Officials blame flammable cladding after intense Milan high-rise blaze

Cladding Culprit

Officials blame flammable cladding after intense Milan high-rise blaze

Toro dei Moro, a Milanese condo tower, pictured ablaze on August 29, 2021. (Peter39c/Wikimedia Commons/CC BY-SA 4.0)

Editor’s note 9/16/2021: 3A Composites has released a statement clarifying that the company’s trademarked Aluminum Composite Material (ACM), ALUCOBOND, was not used in the construction of Torre dei Moro in Milan. This contradicts initial Italian media reports on the August 29 fire at the tower. Reads the statement: 

“The ACM material used at Torre dei Moro in Milan was most probably an ACM with PE core (Polyethylene) which is classified class D-E according to EN 13501-1 and is not as reported by the media fire retardant or non-combustible.

3A Composites as a responsible manufacturer is aware of the fundamental role, which building materials are playing with regard to safety, and therefore supports and endorses clear and stringent regulations with regard to fire protection and fire safety. We have developed comprehensive information and training material on how to build safe facades with Aluminium Composite Materials and invite you to consult our brochure and video.”

While the exact cause of the August 29 fire that ravaged Torre dei Moro, a 20-story apartment tower in the semi-rural southern suburbs of Milan, has yet to be determined, officials already have identified a culprit as to why the inferno spread so rapidly: combustible external cladding.

Residents in the building were swiftly rescued and no serious injuries were reported and no lives were lost (save for pets), but the massive blaze was unsettlingly reminiscent of the 2017 Grenfell Tower fire in West London in both its ferocity and the accelerated manner in which the flames spread, as gaps between the structure and exterior cladding created a chimney effect that effectively transformed the decade-old high-rise into a 200-foot-tall torch. Seventy-two people died while scores more were injured in the Grenfell Tower inferno, which was the worst residential fire in the United Kingdom since World War II. The official inquiry into the Grenfell tragedy, now in its second phase, is ongoing.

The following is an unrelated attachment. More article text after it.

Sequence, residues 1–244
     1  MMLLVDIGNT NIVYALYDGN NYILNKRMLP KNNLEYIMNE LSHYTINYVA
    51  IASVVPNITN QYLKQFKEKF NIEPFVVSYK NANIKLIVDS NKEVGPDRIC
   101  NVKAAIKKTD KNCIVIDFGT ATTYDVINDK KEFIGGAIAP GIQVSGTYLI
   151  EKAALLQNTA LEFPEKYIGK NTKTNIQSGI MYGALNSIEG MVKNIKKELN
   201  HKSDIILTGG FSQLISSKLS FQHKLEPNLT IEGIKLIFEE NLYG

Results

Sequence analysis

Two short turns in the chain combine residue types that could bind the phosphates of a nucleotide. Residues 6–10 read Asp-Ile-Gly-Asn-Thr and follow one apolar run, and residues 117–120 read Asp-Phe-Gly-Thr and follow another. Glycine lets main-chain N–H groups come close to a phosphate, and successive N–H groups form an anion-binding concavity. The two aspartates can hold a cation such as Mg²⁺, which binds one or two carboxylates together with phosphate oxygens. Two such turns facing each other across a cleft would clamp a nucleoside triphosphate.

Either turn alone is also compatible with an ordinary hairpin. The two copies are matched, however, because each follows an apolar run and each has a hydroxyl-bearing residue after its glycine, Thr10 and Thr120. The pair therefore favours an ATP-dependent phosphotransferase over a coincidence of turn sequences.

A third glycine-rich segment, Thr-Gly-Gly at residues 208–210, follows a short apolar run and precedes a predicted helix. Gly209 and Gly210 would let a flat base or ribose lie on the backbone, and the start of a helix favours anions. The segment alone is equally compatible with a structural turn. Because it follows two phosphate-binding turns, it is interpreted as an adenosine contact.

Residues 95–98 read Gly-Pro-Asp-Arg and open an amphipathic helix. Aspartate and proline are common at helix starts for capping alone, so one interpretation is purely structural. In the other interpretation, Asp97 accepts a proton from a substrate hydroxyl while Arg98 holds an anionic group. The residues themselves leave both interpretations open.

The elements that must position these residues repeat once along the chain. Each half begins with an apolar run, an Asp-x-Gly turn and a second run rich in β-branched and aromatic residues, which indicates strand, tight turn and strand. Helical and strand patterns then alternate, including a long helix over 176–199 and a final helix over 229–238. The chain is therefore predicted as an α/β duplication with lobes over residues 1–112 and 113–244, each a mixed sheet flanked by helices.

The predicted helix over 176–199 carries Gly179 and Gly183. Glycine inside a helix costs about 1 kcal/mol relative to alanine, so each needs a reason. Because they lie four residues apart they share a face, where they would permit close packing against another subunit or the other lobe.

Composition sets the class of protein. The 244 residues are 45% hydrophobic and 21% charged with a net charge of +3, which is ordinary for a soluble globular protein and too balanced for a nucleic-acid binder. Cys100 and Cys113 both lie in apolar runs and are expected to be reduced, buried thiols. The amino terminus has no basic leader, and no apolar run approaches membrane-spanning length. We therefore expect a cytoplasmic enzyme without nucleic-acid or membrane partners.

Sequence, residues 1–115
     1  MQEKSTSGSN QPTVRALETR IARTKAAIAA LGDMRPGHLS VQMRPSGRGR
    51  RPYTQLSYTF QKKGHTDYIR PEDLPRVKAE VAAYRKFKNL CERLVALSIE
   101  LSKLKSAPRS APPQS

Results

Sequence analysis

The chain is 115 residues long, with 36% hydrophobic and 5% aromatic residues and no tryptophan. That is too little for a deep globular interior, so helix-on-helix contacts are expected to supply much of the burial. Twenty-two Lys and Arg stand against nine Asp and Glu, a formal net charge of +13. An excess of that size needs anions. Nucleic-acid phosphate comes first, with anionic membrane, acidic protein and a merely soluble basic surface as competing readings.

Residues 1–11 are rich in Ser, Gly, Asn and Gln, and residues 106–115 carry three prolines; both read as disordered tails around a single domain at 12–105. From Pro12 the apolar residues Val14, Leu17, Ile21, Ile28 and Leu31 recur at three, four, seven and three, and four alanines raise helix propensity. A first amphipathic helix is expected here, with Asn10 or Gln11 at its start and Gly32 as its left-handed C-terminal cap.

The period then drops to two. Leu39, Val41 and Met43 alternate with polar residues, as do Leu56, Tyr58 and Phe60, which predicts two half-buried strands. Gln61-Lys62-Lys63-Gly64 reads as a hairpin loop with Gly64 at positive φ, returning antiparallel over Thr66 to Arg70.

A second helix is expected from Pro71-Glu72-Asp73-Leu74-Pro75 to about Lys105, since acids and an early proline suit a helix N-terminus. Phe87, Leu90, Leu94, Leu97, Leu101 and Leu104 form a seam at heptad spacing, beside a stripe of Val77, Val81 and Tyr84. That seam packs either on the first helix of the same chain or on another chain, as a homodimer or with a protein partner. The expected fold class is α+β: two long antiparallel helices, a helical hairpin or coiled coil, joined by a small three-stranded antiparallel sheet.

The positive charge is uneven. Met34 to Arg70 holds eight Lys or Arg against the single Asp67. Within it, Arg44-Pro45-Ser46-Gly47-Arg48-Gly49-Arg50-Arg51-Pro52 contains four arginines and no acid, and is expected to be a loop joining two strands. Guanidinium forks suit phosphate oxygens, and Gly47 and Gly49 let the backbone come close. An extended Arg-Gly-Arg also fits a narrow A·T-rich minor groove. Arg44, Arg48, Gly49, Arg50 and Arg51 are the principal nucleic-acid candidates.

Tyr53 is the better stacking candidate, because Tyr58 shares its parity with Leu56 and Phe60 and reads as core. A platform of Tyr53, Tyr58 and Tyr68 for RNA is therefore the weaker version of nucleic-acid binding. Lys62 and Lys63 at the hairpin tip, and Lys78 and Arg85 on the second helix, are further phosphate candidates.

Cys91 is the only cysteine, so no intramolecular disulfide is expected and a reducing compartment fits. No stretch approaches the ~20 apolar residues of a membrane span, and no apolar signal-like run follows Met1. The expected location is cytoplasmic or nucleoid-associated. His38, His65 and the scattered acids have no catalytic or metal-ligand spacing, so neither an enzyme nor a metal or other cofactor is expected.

“What seems already clear from the start is that the external cladding of the building went up in flames far too quickly, in a dynamic that recalls the Grenfell Tower in London,” Milan Mayor Giuseppe “Beppe” Sala said in a statement shared by the Associated Press.

“I have never seen a situation like this,” added fire brigade chief Giuliano Santagata. ”Just look at the facade and you see that everything is completely burned, and therefore presume that it was made of flammable material.”

As Angelo Lucchini, a professor of technical architecture at the Polytechnic University of Milan, explained to the AP, Italy drafted new rules regarding building cladding in the wake of the Grenfell fire. Those rules, however, have yet to be formally adopted. The Italian cladding rules don’t prohibit a specific cladding product but do detail how to “prevent the spreading of the flames along the facade,” per the AP.

Augusto Bononi, the administrator of Torre dei Moro, told Italian news outlet TGCOM24 that the building facade was clad in Alucobond, an aluminum sheet-based material. [See editor’s note above.]

 a modern high-rise apartment tower in italy
Torre dei Moro in 2016. (Neq00/Wikimedia Commons/CC BY-SA 4.0)

An exact cause of the fire has not been identified although investigators believe it started on Torro dei Moro’s 15th floor. First responders from Vigili del Fuoco, Italy’s national fire and rescue service, have been heralded for their quick response and evacuation efforts, which was carried out while the blaze was still contained to one area and hadn’t yet spread up and down to the tower’s exterior. Once the fire moved to the exterior, the entire 20-story structure was completely engulfed by flames within 15 minutes.

Following investigations, the charred remains of the tower could be potentially demolished.

Anchoring a larger redevelopment area in Milan’s Vigentino district, the ship-evoking Torre dei Morro complex, which also includes retail and restaurant, is located on Via Antonini near the OMA-designed Milan campus of Fondazione Prada. Home to largely well-heeled residents, the complex is owned by Milan-based real estate development giant Polo srl.

“The judiciary is already working to clarify the dynamics of the incident. My hope is that responsibility will be established quickly,” added Sala following the blaze. “The Torre dei Moro was built just over 10 years ago and it is unacceptable that such a modern building should have proved totally vulnerable.”